This episode is from the WNYC archives. It may contain language which is no longer politically or socially appropriate.
Stanley H. Lowell, chairman of New York City's Commission on Human Rights. He discusses the major hurtles facing New York's fight against discrimination, primarily discriminatory hiring and unequal educational opportunities. He states the Unions must not be limited by race, but must be open to all in order to ensure equality - this he specifically relates to the construction trade
He also mentions Mayor Wagner's support of the upcoming March on Washington.
Audio courtesy of the NYC Municipal Archives WNYC Collection
WNYC archives id: 70437
Municipal archives id: T231
This is a machine-generated transcript. Text is unformatted and may contain errors.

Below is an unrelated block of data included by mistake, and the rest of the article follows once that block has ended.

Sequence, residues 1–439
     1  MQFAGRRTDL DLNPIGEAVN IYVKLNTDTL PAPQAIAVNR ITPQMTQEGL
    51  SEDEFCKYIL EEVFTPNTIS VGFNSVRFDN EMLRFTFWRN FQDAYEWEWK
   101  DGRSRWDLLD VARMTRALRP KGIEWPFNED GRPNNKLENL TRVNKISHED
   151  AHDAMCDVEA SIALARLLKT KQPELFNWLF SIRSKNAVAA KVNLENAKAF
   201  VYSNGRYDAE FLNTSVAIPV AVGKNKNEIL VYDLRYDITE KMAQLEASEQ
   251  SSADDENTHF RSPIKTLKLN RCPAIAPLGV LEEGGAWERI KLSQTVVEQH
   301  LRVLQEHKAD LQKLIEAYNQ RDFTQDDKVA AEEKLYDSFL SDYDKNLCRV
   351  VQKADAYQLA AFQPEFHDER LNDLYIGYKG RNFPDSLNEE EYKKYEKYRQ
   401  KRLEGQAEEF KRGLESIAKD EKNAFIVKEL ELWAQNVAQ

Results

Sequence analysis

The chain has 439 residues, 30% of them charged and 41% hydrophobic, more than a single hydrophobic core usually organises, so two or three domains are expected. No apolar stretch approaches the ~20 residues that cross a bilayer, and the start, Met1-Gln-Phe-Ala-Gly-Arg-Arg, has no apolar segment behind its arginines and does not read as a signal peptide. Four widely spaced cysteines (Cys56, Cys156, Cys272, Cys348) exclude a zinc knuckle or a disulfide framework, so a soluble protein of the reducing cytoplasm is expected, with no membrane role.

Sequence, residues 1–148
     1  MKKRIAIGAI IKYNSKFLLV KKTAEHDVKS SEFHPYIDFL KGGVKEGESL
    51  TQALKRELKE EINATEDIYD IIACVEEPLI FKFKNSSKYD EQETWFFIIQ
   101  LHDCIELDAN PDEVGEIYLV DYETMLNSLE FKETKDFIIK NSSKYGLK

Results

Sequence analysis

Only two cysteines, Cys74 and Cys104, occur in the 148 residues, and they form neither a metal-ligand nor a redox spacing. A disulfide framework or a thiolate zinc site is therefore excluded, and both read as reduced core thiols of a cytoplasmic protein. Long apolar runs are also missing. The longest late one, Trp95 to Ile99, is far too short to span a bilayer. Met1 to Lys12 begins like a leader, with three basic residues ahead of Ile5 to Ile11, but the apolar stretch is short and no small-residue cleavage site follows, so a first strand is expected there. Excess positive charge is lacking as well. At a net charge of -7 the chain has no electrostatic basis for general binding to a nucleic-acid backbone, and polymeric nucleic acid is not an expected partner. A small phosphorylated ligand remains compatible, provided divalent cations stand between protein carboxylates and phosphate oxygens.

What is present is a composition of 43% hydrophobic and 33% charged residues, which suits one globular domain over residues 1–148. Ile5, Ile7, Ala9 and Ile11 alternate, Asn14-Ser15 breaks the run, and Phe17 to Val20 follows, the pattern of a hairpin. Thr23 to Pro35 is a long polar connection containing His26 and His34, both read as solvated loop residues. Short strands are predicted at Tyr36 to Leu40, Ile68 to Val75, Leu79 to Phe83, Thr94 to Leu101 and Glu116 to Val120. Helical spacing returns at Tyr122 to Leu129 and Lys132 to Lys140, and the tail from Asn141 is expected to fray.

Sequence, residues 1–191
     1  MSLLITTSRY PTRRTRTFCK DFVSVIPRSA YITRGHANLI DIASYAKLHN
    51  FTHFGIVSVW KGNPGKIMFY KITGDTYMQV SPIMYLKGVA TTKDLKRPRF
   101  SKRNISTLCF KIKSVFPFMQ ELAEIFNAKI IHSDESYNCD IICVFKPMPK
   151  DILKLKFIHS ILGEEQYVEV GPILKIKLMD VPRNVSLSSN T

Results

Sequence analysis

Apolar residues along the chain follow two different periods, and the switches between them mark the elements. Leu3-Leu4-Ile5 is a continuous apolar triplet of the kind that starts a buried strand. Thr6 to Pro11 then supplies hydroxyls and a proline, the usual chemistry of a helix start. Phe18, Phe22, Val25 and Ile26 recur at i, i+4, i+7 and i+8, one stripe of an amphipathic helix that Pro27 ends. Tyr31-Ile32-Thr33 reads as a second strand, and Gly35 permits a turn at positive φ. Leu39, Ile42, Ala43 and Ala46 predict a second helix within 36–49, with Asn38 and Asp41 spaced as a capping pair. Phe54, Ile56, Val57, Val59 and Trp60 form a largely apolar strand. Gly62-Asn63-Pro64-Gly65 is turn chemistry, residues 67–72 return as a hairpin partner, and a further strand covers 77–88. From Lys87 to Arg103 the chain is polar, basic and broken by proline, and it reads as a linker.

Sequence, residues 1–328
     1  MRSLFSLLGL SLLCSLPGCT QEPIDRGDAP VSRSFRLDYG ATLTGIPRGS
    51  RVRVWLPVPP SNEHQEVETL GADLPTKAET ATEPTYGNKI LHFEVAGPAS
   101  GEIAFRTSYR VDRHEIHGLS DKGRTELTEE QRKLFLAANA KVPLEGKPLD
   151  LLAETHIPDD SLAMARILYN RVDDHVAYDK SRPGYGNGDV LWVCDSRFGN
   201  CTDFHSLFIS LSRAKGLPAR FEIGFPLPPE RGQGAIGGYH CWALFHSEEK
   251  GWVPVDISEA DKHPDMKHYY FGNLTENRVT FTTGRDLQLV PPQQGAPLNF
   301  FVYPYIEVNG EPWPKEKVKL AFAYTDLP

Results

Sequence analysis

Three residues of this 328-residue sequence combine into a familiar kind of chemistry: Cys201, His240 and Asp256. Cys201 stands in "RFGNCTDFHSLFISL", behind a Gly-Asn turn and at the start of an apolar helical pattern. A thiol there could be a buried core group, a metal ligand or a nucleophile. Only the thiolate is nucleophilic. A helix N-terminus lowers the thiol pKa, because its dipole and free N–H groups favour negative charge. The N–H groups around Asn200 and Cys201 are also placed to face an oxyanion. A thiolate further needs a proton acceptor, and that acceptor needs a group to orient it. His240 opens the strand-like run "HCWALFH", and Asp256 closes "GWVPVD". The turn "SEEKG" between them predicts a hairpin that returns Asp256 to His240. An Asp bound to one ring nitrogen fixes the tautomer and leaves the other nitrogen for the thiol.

Ladies and gentlemen. It's a pleasure for me to be here the Overseas Press Club because I get to get this all the time never you get an avril Harriman or if I can imagine myself in the same breath with that great American when it comes to the Overseas Press Club the government points out as I point out now that until you took over this building we weren't allowed in here. And I stammered threats of please that. I do now have this what was formerly the national Republican Club. I may regret however that you got me on this particular day as several of you in the room no hope back there has been trailing me around the only wretched freshness I get follows me from place to place. This is a bad day for me not because of the pressures that exist in the civil rights and human rights. Efforts here in the city of New York but taking on a very personal level as I just happened to be I had a series of X. rays this morning. Looking for whether I've got gall bladder. The doctor of course doesn't know me as well him other people and the real problem I've got is that I've got too much to do and it comes out in the middle of my stomach and he thinks maybe I am go over with that I got my fingers crossed. I did was telling both of these gentlemen on each side of me however and I always like to have a slice of this what we're going to get bricks thrown at you not by the press which has been very nice to us at the commission and nice to me in particular. Both radio T.V. and press so I'm very nice but when you get bricks thrown at you in a particular capacity it's much more helpful to have the brick it you in the face if people know that when you're bleeding you're not getting paid for it and I I was asked the question so I'll tell you too of course something that some of you know but from the surprise expressed up here that the members of the Commission on Human Rights the chairman and the fourteen members are all volunteers we don't get paid not even the proverbial dollar we don't even get expenses. And they sometimes can add up to I think that those of us who are members of the commission feel. Deeply and strongly about the problem that is Americans today and that's been America's for some time in the past and therefore are willing to give ourselves but as I think I've said before I think this voluntary effort no longer is really sufficient and speaking for myself this point is chairman of the commission the rest of the commission has not voted on this. And the mayor indicated yesterday we are in the process and throes of thinking about a reorganization of the commission a method that would put the people who are doing this kind of work on twenty four hour corps in the city. I am I'm just ordinary lawyer and I have to make a living and it's almost impossible to do under the present circumstances I used to estimate that I spent thirty percent of my time when things were not in crisis stage on commission business and it's now jumped up to eighty five when itis impossible to do this and I think most of the commissioners are in somewhat similar position though they don't spend as much time as I do was chairman so that in the next few days. We are actually coming out with a report which is going to recommend or present various alternatives various alternative methods of functioning for this type of agency and we will send this on to the mayor who will use write. You a message yesterday indicated that he was prepared to make whatever changes were appropriate for the functioning of the agency. And I told the Barracora in that some of the others I what I would like to do is run down some of the problems as I see them I'm talking to people who I consider to be professionals. I don't talk down to anybody ever and I certainly won't talk to you. And I will therefore try and run through this and at the highlights and hope that I can leave as much time as I possibly can for the kind of questions that I usually get from people in the press and I will be glad to answer any and every question that I'm able to handle. When I say able to not that I want to talk anything but when I say ABLE TO means if I have the capacity to answer it first of all I think very strongly that. America today is going through what I consider to be a social revolution I think that it is much to do a revolution in America as we have had as we've watched in Africa in the post world war two years of the analogy which can be made except for the fact that we have been for fortunate in America that forced is not the whole mark of this revolution there malady as to what happened in Kenya and what happened in some of the other African states which finally achieve freedom from colonialism and I think that the American Negro in particular is in the same identical way is in effect saying that he's throwing off the shackles of the past and even though we're not a colonial power he is seeking only one thing from our society he is seeking what every American citizen wants and gets the quality of opportunity. I think what the American Negro wants today is to be treated just like another American and if he wants this and he fights for it in the way that he is doing and it's not I was a kind hearted way his fight alone but that of all of us Negro and white I think that he's going to achieve it for the same change for the same winds for the same pressures that have freed the African continent and that in the same sense of raid many of the colonial. Countries in in Africa or in other parts of the world. And speaking as somebody who's been deeply involved in civil rights or civil liberties for some twenty odd years some of them very odd. I would say that. If you look back and think to yourself. Or ask every human being really to do this try and look at yourself in America look at America in America and think of what we think of a society this is supposed to be the most progressive society society in the world this is the society of the Bill of Rights this is a society of the Declaration of Independence that we say that our democracy is the purest that exists we say and I remember back in college and my government cautious this is the best experiment in government that mankind that man fallible man has ever created and here we are looking in this mirror. Here as he which I gave a couple of times before is remember that all picture Dorian Gray where the father spent twenty years by selling your soul to the devil or something and all of his sins didn't show up and he looked at himself in the mirror of those twenty years between thirty and fifty I guess it was and he was still young still thirty years old no creases in his face there on vibrant Well if we look in that mirror as Americans I think that we have to say to ourselves that suddenly like Dorian Gray the. The protections that have something ourselves of the devil have disappeared his case to disappear and we've got scars and lodges and. Discriminations and prejudices which is what I'm talking about on our face and all over our body that make us into an all gold man and I say that the reason why the American Negro is going to succeed in its battle for equality and equality of opportunity and their battle for equality and equality of opportunity is because in my judgment. They are in effect doing the job that we have to do for ourselves they're doing the job and that's the reason have so much support from the white community in America. They are doing the job that we must do in order to have ourselves live up to the image that we have of ourselves. Well. Let me try and shift this from that context down to New York I have always said that I believe that the problem of discrimination in American society and in New York City in particular is like the Great Pyramid. Down at the bottom of this period the vast larger area or the most important area the foundation of other discrimination is job discrimination economics dollars. If the negro can achieve job equality job opportunities job advancement then he will be able that much more readily to solve his problem as we move up that pyramid. And above that on the pyramid above job opportunity and I'll come back to these in particular I put housing discrimination here in New York we've got still best areas Jim Crow housing vast pockets where people live and it would appear are required to live socially not legally because of their color and. I say that they are part of the responsibility for the housing discrimination is due to the inability of the Negro to have the dollars in his hand to buy his way out of that Jim Crow area and we see this at the commission we have a law in New York the fair housing practices law says that it's illegal to discriminate in private housing as well as in government housing. We know of many apartments in the city of New York which pay over one hundred twenty five one hundred fifty dollars in areas when the city which over the last five years since this law came into effect have really changed their complection we are in a position to be able to put on a map the number of negroes who moved in to what were previously all white areas you'd see real progress in New York Nevertheless we know of apartments in those areas and I'm not talking to the areas where no negroes we have been able to break through. Where the negro we can't find a Negro family to go in there are enough negroes in the middle income or lower middle income to passerby who want to move. Who have the money to go there. So that's why I say this permit it goes up like a pyramid then above housing discrimination following like day follows night his school discrimination. Which is another way of saying that we've got areas in the city which have as of water that has told us with over eighty five percent of all over ninety percent of one ethnic group. And this of course follows like. Just automatically because of the housing pattern that exists and then above that at the tip top of this little permit that I've described I would say is public facilities public accommodations and here I think New York has an excellent record because I mean we don't have that in other public facilities other than the school situation which I was just some detail. That we don't have instances of discrimination but basically the public facilities in the city of New York are open to all that regard to racial color and the Negro community in New York has no need to be concerned about this I will say Kyra that if we hear that this is why I. Go I know that the city of New York officially I came from the. Mayor's issuance of the proclamation on jobs and freedom. At city hall at level thirty twelve o'clock by the city of New York officially supporting the March on Washington. And I have a claim the day officially March on March for Jobs and Freedom Day and. I'm going now some members of my commission I understand the mayor indicated that he is going to try to come down on that if not more on that August twenty eighth day. The even though we are going and they're going to be thousands of thousands of New Yorkers going I think that I can say that the federal bill will have almost no effect. In the city of New York we don't need this federal legislation and public accommodations are open to all in New York City I don't think that this is a problem which exists for a community like New York City and. The need is for what it will have the effect it will have on the south and perhaps some other areas in the north but not for York City Well let me go back to the bottom of this permit that I described before. I said at the bottom of it was dollars The bottom is it was economics bottom it was job opportunity and I feel very strongly that that the Negro community once in a Chivas this capacity to buy its way to some extent like all others you're going to have a lot more self help in outlawing some of the and eliminate some of the other discrimination. In New York City in particular right now. What we are wrestling with the commission and that's on the front pages of your newspapers today in these last several weeks is the problem of alleged discrimination in the construction trades. To my mind you've got a couple of sociological background factors involved here I think that we can all agree that. About thirty or forty years ago in our American society the unions as a group as an action group as a power group representing labor the employee organized and this group like it's big like sociologist which I'm not. Achieved by. It's action at the polls by citizens incidentally of almost a quarter nature what's going on today by strikes by picketing this group achieved less a position under the Wagner Labor Relations Act which I guess was one hundred thirty five an hour or so ago already act a few years before legislation around that time roughly thirty to forty years they achieved a position in our community where the society through its recognized legal entities passed legislation to protect the school. And collective bargaining was protecting the union in effect was given status public protection. Here we are in a situation today in an American society where in effect what the Negro community is asking as another group coming up is seeking its own position its own place in the sun and what we have happening all over the United States in the construction trades in the most flagrant is a conflict between these two organized groups one protected stablished set in its position and the other vibrant new opening up for the reasons I described before demanding it's position. And I think that what has happened today in New York and throughout the country is that these two groups are in conflict and they're fighting each other and when they need grow community says we want in on jobs in the construction trades the people who've been in before say oh wait you can't we don't want you stepping on our toes all the father son methods of bringing people into the various construction trade unions sponsorship requirements all these were methods by which these unions which used to the people in these trade used to suffer tremendously. Succeeded in limiting the membership of the union creating a union shop Ridgeley the closure outlawed now only the union shop but very effectively protecting their position a union with like we had testimony yesterday with a with thirty three hundred members no negroes and a man testified before the commission perfectly honestly I believe you will lead them saying we were discriminating you can sneak drugs which is protecting ourselves I missed all he said to me I was on the streets for four months I was affected from two houses Corsican time I rent and what he's saying is that they've succeeded in creating they go creating their craft protecting their position you just need more than thirty three hundred plumbers of the kind that he's got in his union in New York C